Scoring The Man from U.N.C.L.E. with Intrigue

Director Guy Ritchie wanted to avoid any ’60s cliches in his Cold War rendering of The Man from U.N.C.L.E. (starring Henry Cavill as Napoleon Solo and Armie Hammer as Illya Kuryakin), and composer Daniel Pemberton was happy to oblige. In fact, there are as many musical twists and turns as you’ll find in the plot to save the world from nuclear war. Pemberton called it a “kaleidoscope of international color” because of its dense, unpredictable blend of styles.

“The ’60s thing is fun from a musical point-of-view because music was such a strong aspect in culture and in films, so you had a lot more license to be very bold, which as a composer, is very enjoyable,” said Pemberton (The Counselor, The Awakening). “In some ways, it’s my favorite kind of music from film scores back then. They were a lot more striking and unusual. This is a nostalgic, retro kind of score, but, I think, actually very modern. It’s so different from what’s coming out in the cinema.”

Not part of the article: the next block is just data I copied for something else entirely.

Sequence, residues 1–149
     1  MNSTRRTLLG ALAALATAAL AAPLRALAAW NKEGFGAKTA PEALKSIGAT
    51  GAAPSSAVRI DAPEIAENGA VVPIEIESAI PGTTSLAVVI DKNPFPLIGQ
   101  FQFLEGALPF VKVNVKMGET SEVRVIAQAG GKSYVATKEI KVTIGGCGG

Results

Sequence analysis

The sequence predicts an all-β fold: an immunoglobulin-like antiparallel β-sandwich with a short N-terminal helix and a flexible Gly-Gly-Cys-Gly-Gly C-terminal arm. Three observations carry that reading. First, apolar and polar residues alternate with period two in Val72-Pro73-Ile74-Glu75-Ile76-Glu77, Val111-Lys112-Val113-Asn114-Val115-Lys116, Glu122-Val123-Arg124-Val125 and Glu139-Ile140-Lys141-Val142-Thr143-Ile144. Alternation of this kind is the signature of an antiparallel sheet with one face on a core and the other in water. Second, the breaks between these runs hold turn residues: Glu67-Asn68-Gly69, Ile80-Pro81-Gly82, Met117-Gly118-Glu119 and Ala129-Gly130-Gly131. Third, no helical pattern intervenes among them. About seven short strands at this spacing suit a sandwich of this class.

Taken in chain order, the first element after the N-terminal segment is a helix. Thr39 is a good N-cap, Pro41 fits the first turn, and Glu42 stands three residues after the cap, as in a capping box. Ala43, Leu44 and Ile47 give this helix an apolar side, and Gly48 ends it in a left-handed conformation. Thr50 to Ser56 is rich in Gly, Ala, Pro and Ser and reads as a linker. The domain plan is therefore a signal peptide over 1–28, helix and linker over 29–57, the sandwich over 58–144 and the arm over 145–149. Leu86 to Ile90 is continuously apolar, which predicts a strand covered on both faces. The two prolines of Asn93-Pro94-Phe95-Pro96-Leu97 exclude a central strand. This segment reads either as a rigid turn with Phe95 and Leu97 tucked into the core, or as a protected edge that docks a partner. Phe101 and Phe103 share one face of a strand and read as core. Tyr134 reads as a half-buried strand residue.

Where else would you find such inspired use of cimbalom, harpsichord, bass flute, electric guitars, mandolin and bongos, let alone the Hammond B3 organ and Jennings Univox?

The iconic siege went from a rock number driven by a distorted bass line to a more percussive sound combined with an orchestral tension. A party went from bossa nova to spy theme to Henry Mancini-like.

“The whole thing with this film was to get as many unusual sounds as possible. I like ‘Escape from East Berlin’ with great flute by David Heath that’s a different way of scoring a chase.”

Read the rest at TOH/Indiewire.

Posted on by Bill Desowitz in Below the Line, Clips, Crafts, Movies, Music, Tech

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